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Your child's handwriting: More than just a pencil grasp.

Your child's handwriting: More than just a pencil grasp.

Poor bilateral hand use can influence a child's ability to write neatly.

When we think about handwriting, we immediately think about things like pencil grasp or sitting posture, but what about a child's ability to use both their hands in a coordinated way during writing activities?

Can the inability to use your hands in a coordinated way, influence the way you write, cut, colour, and play? In short, the answer is a resounding YES!

The ability to use both hands during writing or school-related activities is often overlooked when discussing handwriting.

What is Bilateral Coordination and why is it important?

Bilateral coordination is the ability to use both hands in a coordinated way while doing tasks such as cutting with scissors, writing, colouring, pasting with glue, and using a ruler or eraser. A child who struggles with the coordinated use of his/her hands will have difficulty with various activities in the classroom and it will impact their ability to work neatly.

Bilateral coordination is also important for successful execution and participation in activities such as self-care (tying your shoelaces or eating with utensils) and sport and leisure activities (playing sports, riding your bike, or playing with a jump rope). 

What does it look like?

Children who struggle with bilateral coordination might present with the following difficulties in the classroom:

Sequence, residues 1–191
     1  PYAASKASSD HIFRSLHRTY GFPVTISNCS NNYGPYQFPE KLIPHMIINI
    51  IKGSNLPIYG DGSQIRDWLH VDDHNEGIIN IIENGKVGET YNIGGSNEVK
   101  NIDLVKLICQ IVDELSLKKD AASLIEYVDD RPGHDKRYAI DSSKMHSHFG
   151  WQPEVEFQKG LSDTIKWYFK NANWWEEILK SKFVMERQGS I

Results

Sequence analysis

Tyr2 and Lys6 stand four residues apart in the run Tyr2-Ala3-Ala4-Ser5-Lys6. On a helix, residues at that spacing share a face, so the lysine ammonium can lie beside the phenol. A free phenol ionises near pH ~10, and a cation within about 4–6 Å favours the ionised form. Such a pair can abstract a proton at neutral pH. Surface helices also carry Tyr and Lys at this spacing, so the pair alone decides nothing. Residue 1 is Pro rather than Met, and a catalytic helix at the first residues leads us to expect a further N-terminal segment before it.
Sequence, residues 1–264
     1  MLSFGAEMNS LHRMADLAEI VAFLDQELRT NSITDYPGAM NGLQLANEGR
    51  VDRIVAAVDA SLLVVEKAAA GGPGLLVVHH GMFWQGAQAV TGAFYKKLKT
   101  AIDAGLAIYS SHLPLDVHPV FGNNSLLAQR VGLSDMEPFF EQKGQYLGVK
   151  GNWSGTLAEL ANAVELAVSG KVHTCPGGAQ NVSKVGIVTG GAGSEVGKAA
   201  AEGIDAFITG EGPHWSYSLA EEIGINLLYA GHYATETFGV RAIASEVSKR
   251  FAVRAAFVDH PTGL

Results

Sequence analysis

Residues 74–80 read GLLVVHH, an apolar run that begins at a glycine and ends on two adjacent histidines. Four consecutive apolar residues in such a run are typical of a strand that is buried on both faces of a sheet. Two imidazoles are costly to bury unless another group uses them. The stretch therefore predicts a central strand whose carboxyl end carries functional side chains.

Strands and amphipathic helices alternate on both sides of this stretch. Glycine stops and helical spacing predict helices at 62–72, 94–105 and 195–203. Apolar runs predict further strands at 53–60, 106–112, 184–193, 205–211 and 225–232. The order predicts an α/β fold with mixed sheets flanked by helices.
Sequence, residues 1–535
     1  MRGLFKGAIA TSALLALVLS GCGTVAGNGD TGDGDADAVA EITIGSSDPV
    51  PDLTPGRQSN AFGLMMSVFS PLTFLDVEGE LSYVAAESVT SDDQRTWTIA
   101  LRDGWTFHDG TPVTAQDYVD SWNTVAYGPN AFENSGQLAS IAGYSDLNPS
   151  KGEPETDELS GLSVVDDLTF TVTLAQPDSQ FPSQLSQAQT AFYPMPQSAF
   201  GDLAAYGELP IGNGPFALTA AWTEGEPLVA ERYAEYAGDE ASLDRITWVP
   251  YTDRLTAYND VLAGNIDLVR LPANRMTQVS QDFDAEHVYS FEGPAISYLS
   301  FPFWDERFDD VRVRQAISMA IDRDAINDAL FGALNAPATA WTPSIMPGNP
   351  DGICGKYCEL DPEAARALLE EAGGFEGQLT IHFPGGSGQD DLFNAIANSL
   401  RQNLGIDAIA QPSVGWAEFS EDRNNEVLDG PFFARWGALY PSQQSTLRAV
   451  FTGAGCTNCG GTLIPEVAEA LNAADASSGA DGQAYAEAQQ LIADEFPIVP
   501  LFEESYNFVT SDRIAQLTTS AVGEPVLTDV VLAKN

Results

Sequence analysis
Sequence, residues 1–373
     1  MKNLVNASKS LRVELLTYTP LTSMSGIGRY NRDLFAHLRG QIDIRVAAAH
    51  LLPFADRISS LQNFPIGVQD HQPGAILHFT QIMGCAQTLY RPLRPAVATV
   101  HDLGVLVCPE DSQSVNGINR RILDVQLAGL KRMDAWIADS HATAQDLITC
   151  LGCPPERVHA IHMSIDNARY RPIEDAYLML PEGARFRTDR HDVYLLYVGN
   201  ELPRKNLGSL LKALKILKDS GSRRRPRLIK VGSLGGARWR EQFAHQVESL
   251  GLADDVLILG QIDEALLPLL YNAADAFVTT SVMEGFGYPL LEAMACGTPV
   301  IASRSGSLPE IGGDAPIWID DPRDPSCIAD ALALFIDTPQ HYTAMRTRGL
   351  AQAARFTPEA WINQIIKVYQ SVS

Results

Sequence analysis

• do not stabilize the page while writing
  • difficulty drawing lines and using a ruler
  • struggle to stabilize the page while using scissors and cutting
  • struggle to sharpen pencils, using an eraser or a glue stick
  • difficulty  with folding and tearing activities 


Poor Bilateral Integration May Lead To:

Fatigue, frustration and slow work speed.

What can we do?

Encourage gross motor activities and participation in sport.

Encourage fine motor activities and games such as: cutting with scissors, play dough activities, sing a rolling pin and cookie cutters. stencil art, needle point, knitting, threading beads, folding and tearing paper.

What can we do at home? 

Household chores is a wonderful way to practice using both hands during activities: hanging washing on a line, wringing out a facecloth, washing dishes, help with baking activities, for example, mixing ingredients, whisking eggs, help with cooking activities such as cutting vegetables, peeling potatoes, and making sandwiches.
These are just a couple of ideas to support the development of bilateral integration or the ability to use both arms while participating in school-related tasks.


    Our Products

    The Complete Number Bundle

    The product was developed to prevent the reversal of numbers when writing. Aimed at foundation phase learners, this program focuses on teaching the correct method for forming each of the numbers utilizing an animation video and worksheets for consolidation. It includes the story of numbers 1 to 10 as well as a strategy for the prevention of reversal of numbers 2, 3, 4, 5, 7, 9, and 10. Presentation is practical, child-directed, and lots of fun. 

    Fine Motor Development Activities

    The Tricky Fingers fine motor program consists of a series of fine motor activities to develop the muscles of the hand and support development of a dynamic pencil grasp. The program includes printable activities, a video demonstrating the desired finger movements and execution of each activity. The activities are fun, easy to prepare and low cost.


    For more information.

    Follow our Facebook page for regular activities and ideas to enhance your child's development or visit our online store to view our educational and therapeutic resources.

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